Lawmakers, please don’t lose momentum on mental health

About 150 people attended the AMOS “Stand Up and Speak Out for Mental Health” legislative accountability session on Oct. 13, 2016, at the Neveln Center in Ankeny. (Photo courtesy of AMOS)

The past two months have been stressful for all Iowans, particularly for children and families and that has put stress on our mental health resources.

Clinic mental health care services have been reduced and even eliminated in some Iowa communities due to the need to devote resources to patients with COVID-19.

Telehealth video counseling sessions are only available to those with Wi-Fi or unlimited data, and not all insurance companies reimburse providers the same rate for telehealth as for in-office visits. While Gov. Kim Reynolds proclaimed that telemedicine and in-office rates would be equal during the pandemic, this proclamation is set to expire the end of May.

Iowa entered this crisis as one the worst states for mental health care for adults; there are even fewer resources available for children. COVID-19 has greatly increased the need for mental health services for both adults and children. This need will continue long after the current outbreak.

As reported in the Iowa Capital Dispatch on May 19, Iowa counties, especially urban counties like Polk and Scott, were facing mental health budget challenges before this pandemic that will only be exacerbated. Gov. Reynolds has repeatedly vowed to push for mental health funding.

We need our legislators to act when they reconvene on June 3. AMOS (A Mid-Iowa Organizing Strategy, a non-partisan group comprised of 38 churches and non-profits) sent a letter signed by 45 clergy leaders from across Central Iowa to our legislative leaders encouraging them to include children’s mental health funding in next year’s budget. AMOS has worked closely with the Iowa Legislature over the past several years to secure funding for mental health services across the state, with an emphasis the past two years on creating and funding a statewide system for children and youth.

The Legislature made great progress in 2018 and 2019 in reforming Iowa’s systems of mental health care for children and adults. When fully implemented, Iowa’s children and their families, indeed all Iowans, will greatly benefit from their fine work. With that solid start, the necessary next step is providing adequate, predictable, sustainable funding for the new system. We understand COVID-19 has impacted Iowa’s budget, however mental health services for adults and children have become even more critical. In crafting Iowa’s next state budget, we ask legislators to consider:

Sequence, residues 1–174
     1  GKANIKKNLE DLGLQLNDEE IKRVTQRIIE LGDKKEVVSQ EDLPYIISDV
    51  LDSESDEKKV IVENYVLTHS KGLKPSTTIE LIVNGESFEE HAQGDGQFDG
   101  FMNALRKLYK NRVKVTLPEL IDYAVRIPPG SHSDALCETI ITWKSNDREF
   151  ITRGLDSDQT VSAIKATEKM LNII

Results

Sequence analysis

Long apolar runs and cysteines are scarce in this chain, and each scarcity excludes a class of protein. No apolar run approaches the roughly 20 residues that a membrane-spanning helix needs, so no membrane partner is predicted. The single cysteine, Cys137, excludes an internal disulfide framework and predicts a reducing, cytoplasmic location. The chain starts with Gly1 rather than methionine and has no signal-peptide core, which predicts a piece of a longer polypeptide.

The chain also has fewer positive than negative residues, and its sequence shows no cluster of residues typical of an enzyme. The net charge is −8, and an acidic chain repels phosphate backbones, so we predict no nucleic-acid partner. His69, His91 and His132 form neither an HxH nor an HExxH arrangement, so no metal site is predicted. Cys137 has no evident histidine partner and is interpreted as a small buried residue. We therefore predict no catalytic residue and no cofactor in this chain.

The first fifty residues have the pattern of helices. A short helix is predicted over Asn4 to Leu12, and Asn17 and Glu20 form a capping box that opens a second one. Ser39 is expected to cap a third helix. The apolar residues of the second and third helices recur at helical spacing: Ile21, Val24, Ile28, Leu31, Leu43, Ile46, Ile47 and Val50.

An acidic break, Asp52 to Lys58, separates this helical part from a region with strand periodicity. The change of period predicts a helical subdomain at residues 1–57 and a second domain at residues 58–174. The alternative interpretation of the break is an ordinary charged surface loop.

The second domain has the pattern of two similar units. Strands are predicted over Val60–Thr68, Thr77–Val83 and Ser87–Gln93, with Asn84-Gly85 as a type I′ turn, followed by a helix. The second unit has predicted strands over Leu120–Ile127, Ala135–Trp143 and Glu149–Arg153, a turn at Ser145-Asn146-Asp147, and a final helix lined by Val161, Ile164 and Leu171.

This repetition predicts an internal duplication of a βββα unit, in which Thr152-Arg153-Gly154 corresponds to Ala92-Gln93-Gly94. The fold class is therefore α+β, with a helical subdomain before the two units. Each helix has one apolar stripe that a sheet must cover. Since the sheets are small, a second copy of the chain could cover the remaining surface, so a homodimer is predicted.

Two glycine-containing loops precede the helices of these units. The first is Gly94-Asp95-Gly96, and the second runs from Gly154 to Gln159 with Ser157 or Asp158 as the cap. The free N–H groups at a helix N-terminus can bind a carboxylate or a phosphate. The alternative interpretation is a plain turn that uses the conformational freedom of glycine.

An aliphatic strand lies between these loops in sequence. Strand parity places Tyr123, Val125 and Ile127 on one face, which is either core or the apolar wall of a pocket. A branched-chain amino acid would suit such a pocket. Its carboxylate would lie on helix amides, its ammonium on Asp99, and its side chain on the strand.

• Maintaining current funding amounts for adults and increasing funding for children’s mental health crisis services to include a statewide hotline, provide for local mobile crisis services for children, and to provide crisis observation centers specifically for children;
  • Lifting restrictions to enable dollar shifts in any region that has had insufficient funds to pay for adult and children’s mental health prior to COVID-19 and now faces cutting services;
  • Extending broadband so all people in Iowa can receive telemedicine services which includes mental health services;
  • Extending the cutoff for telemedicine and the reimbursement rate. Mental health concerns (including COVID related) will not end when confinements end but will continue post COVID physical health concerns;
  • Ensuring telemedicine reimbursement rates for mental health are mandatory for ALL insurers.

It is unquestionably true: Our children are Iowa’s future. We must do all we can to ensure every child has an opportunity to maximize their potential. Improving mental health care for children leads to better long-term outcomes with increased education, increased employment, and fewer demands on the adult mental health system.

We call on our legislative leadership to make the mental health needs of Iowa’s children a priority when crafting the 2021 state budget. It would be a shame to lose the momentum Iowa has gained at a time when mental health services are needed more than ever.

Our stories may be republished online or in print under Creative Commons license CC BY-NC-ND 4.0. We ask that you edit only for style or to shorten, provide proper attribution and link to our web site. Please see our republishing guidelines for use of photos and graphics.

Linda Krypel
Linda Krypel

Linda Krypel is co-chair of the AMOS Mental Health Research Team, a member of First Unitarian Church of Des Moines and emeritus professor of pharmacy practice at Drake University.

Connie McKeen
Connie McKeen

Connie McKeen, Co-chair AMOS Mental Health Research Team, and a member of Walnut Hills United Methodist Church. Connie is also a Senior Consultant for Lee Hecht Harrison providing job coaching to professionals in job search.